Man Sues Powerball After They Wouldn’t Award Him $340 Million Jackpot Win

By Jason Hall

February 20, 2024

Two Multi-State Lotteries Each Offer Over $400 Jackpots
Photo: Getty Images

A Washington, D.C. man is suing Powerball after he was notified that his believed $340 million jackpot win was actually an error.

John Cheeks, 60, thought he won the Powerball drawing on January 7, 2023, after the numbers on his ticket matched those mistakenly posted online. Cheeks said he attempted to redeem the prize, but was denied by Powerball officials, in the complaint filed in November 2023, which alleges he was deprived due to "unlawful collusion" by Powerball, the Multi-State Lottery Association and Taoti Enterprises, which operates the D.C. Lottery website.

The lawsuit claims that the named defendants didn't honor the posted winning numbers on the Powerball website, which were "7-15-23-32-40" and the No. 2 Powerball, matching Cheeks' Powerball ticket.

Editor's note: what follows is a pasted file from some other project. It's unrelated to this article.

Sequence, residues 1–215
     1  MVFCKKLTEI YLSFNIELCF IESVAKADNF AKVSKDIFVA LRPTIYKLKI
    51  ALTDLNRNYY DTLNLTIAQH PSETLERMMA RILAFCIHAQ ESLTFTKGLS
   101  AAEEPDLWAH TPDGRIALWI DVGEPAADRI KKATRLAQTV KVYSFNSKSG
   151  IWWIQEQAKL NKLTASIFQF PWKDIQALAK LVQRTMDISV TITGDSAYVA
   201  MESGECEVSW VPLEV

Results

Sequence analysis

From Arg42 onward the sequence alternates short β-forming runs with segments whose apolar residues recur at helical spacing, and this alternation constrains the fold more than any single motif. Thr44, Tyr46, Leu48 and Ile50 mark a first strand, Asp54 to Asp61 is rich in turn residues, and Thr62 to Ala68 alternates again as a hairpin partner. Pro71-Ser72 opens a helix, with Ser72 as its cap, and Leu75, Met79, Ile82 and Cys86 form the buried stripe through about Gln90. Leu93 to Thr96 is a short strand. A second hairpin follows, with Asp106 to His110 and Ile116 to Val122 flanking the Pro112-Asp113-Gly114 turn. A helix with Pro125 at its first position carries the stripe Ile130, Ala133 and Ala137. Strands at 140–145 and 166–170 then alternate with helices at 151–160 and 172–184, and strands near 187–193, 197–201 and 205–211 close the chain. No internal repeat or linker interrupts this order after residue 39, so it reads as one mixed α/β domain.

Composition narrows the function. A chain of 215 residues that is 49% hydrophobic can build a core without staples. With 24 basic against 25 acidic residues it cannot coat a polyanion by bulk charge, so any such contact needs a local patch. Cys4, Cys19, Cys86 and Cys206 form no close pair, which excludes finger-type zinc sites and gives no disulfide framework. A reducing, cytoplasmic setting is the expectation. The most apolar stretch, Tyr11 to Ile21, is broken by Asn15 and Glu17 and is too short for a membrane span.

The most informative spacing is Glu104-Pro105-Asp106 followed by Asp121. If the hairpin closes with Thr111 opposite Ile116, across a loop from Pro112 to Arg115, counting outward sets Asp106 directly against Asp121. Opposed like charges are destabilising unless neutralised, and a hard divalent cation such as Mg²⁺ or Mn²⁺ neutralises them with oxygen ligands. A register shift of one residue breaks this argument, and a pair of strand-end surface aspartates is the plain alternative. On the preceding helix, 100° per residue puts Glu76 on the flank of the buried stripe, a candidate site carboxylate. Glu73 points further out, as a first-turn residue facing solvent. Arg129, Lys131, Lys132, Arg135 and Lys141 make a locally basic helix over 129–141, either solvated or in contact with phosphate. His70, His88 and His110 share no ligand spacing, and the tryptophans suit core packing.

“This is not merely about numbers on a website; it's about the reliability of institutions that promise life-changing opportunities, while heavily profiting in the process," attorney Rick Evans, who is representing Cheeks, told USA TODAY. "... We intend to collect every penny to which (Cheeks) is entitled to right this wrong."

Cheeks said he didn't rush to check his ticket until the following day and the numbers remained posted to the D.C. Lottery website for the next three days.

“I couldn't believe my eyes so I turned my laptop off, unplugged it, took it down and started it up again," Cheeks said via USA TODAY. "There were the numbers again, matching my ticket."

Taoti claimed it "accidentally" posted the numbers matching Cheeks' ticket on January 7, acknowledging that the "mistake" wasn't corrected until January 9. Officials at the claim center reportedly told Cheeks to throw his ticket "in the trash can" and said they weren't "going to pay you for it."

Brittany Bailey, the project manager at Taoti, called Cheeks' actions an "attempted scheme" to capitalize on an "obvious error" on the D.C. Lottery website in court documents.

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